Finding Connections on the Camino: A Story of Camaraderie

By Bob Morrell on September 13, 2023

This is hard to write. Every person walking the Camino has their reasons for doing it. I have my own, of course. I carry them like an immense additional weight every step of the way, over 500 miles of varying terrain, as does everyone else. 

There is a metal cross on a mountain top called the Cruz de Ferro where everyone stands and throws a rock over their shoulder into the pile at its base. Some have brought their rocks from home. This is supposed to symbolise the release of a burden you are carrying. Some people throw rocks with people’s names on in memory of someone they have lost, some place a rock with no reference at all. Whatever the reasons for someone’s decision to do this walk, the symbolism binds pilgrims in a way that is quite extraordinary. 

In the last 4 weeks I have met a) people of all ages from b) all over the world who c) are all doing this for a reason. Nobody is doing it simply because it’s there. And that being said everyone is happy to talk and share, almost regardless of age or language. 

I’d like to share some of their reasons with you, but I can’t. They are all intensely personal, but it is a privilege to hear them. I can say that my reasons for walking have slowly changed and reformed through the process. The time you have each day walking 25km means you can think and plan and reform and ponder everything. I wonder how they will look and feel at the end? 

Also, because the walk, the Strange Walk to Santiago, is something you have chosen, then you must walk at your own pace. To keep up with someone who is quicker is hard and to expect someone to slouch around at a slower speed is unfair so there is an unspoken agreement that everyone walks at their own speed and conversations may be short, medium or long or just have to wait till later or another day. 

This means the connections you form are also based on total truth and honesty. It is like a community of nomads all heading in the same direction who almost immediately, at first meeting, feel they can trust their fellow travellers. In my experience this is pretty unique. 

I have a small group of regulars I walk with and meet at each stop - an American couple, a Welsh actor, an American lady, an Italian electrician, a Belgian fisherman, a German student, an Australian actress, an Italian gent, a kind Taiwanese smiler and a gleeful Japanese young man - so happy all the time. A bunch of Aussies and an English couple. There are also many Spaniards doing part of the Camino for a few days, or all of it.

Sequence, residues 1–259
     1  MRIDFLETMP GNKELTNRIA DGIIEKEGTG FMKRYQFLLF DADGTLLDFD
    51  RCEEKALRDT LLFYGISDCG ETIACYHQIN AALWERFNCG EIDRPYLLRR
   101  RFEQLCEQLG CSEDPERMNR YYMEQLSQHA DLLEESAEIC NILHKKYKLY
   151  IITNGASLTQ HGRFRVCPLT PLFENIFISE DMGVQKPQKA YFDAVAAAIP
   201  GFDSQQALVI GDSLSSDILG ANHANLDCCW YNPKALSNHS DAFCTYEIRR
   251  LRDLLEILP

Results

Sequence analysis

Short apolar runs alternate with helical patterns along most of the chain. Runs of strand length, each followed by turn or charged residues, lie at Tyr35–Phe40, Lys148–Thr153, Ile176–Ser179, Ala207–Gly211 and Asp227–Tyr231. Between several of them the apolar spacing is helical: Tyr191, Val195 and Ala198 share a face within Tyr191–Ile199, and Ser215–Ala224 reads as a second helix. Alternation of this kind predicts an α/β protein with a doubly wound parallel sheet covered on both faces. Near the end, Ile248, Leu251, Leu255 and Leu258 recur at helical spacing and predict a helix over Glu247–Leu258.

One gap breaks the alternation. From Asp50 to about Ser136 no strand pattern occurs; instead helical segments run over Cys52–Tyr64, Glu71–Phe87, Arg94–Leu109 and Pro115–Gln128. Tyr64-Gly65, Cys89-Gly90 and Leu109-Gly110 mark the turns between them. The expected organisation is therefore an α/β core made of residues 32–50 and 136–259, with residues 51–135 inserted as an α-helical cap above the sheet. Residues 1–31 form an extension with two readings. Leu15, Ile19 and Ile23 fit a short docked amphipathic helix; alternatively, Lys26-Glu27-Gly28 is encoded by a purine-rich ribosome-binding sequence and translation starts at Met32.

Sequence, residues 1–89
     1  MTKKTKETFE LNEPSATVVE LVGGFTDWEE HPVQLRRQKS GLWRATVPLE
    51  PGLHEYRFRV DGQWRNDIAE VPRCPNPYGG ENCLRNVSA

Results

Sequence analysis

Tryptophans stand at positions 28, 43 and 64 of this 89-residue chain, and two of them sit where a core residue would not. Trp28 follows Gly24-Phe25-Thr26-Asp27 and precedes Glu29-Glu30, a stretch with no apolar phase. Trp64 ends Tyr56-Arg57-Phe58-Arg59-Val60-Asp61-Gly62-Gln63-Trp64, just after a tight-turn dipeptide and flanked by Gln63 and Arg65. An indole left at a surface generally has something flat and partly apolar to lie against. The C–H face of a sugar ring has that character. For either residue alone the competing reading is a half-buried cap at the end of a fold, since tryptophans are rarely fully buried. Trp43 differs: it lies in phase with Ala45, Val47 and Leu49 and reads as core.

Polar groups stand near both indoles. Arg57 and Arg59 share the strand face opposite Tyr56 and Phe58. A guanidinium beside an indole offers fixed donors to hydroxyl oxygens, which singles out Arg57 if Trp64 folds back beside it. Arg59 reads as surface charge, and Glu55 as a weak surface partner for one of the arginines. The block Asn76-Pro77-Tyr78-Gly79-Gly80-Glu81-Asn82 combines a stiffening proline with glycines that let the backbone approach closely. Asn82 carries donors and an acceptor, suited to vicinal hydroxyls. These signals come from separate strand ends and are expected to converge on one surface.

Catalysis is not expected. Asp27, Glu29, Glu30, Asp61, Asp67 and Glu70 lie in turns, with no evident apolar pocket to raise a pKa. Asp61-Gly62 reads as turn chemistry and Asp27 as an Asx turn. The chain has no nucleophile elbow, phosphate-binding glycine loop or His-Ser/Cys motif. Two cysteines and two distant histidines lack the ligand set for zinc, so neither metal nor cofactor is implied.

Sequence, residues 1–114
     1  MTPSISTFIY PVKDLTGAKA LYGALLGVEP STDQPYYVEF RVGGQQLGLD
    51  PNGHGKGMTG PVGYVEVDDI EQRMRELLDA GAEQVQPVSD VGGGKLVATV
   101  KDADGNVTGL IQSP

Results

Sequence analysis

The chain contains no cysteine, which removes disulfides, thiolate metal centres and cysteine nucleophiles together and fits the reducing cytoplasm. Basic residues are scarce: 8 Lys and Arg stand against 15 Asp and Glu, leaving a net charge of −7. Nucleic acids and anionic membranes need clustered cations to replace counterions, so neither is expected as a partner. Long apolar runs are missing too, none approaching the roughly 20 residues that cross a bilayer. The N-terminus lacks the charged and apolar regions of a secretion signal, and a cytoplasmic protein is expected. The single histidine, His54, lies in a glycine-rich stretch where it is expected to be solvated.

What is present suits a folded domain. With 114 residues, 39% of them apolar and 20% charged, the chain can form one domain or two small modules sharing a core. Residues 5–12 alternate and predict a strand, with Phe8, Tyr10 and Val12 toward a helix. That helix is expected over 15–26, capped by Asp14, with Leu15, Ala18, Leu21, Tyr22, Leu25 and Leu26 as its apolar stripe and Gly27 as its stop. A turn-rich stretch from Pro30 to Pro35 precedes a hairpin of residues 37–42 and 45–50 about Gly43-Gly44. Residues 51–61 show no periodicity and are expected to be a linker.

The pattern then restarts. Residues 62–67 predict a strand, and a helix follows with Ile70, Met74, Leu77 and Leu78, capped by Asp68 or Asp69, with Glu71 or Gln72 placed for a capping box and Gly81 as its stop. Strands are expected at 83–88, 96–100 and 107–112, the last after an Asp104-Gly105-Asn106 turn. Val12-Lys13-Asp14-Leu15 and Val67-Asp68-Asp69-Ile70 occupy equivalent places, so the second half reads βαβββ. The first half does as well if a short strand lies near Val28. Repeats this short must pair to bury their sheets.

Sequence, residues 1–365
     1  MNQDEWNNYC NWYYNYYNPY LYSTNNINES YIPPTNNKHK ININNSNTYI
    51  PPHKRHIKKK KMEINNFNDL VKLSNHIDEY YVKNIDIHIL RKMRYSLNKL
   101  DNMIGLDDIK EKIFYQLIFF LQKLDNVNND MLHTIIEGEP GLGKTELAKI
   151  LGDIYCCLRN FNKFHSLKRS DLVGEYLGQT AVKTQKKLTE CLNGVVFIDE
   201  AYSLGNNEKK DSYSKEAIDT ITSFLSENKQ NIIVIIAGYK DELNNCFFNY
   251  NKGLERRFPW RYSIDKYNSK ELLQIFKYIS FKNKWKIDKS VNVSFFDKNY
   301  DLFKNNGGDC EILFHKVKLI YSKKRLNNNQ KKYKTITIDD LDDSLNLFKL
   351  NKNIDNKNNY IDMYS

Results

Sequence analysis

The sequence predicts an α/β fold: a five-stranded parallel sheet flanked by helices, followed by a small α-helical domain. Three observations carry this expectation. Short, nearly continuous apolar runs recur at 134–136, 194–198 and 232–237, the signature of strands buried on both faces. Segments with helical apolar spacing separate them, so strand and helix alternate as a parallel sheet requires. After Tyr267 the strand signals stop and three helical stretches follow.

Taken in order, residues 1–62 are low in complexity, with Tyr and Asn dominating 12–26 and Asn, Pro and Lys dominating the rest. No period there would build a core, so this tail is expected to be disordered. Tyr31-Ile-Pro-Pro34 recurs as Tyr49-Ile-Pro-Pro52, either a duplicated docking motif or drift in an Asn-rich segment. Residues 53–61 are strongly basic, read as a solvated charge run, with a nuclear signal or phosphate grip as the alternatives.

Some of them, strangers, wave and say hi or "Bon Camino" - the cry of the path. Some tap you on the shoulder as they walk by to encourage you. The cyclists, probably feeling guilty as they press their electric buttons to zoom off, always greet you! 

One night we sat in a bar in Fromista and recited poems we had written so far. After a few beers it was funny and moving.  These sorts of evenings in life, are rare and rich and there is a bond which makes it feel like a family. 

So many more people and types all wanting to get to the end. And at the same time not wanting it to end at all. As each day goes by the time seems to go quicker. 

And you learn that you cannot judge anyone because who knows what burdens they are carrying? 

What I do know is that it is impossible to do something like this and it not change you a little. The proximity of humanity and in many cases, the very best of humanity, fills you with hope. 

When I cast my stone, I hope my burdens will fall away onto the pile. Wouldn’t that be amazing? To walk away from that mountain with no burdens at all? And all my fellow pilgrims feeling the same? I fear my burdens such as they are will still remain but maybe they will seem different/changed/lighter. Either way I know my fellow pilgrims are there to support me to the end. And if this is hard to write, entering the square in Santiago next week is going to be an emotional tsunami!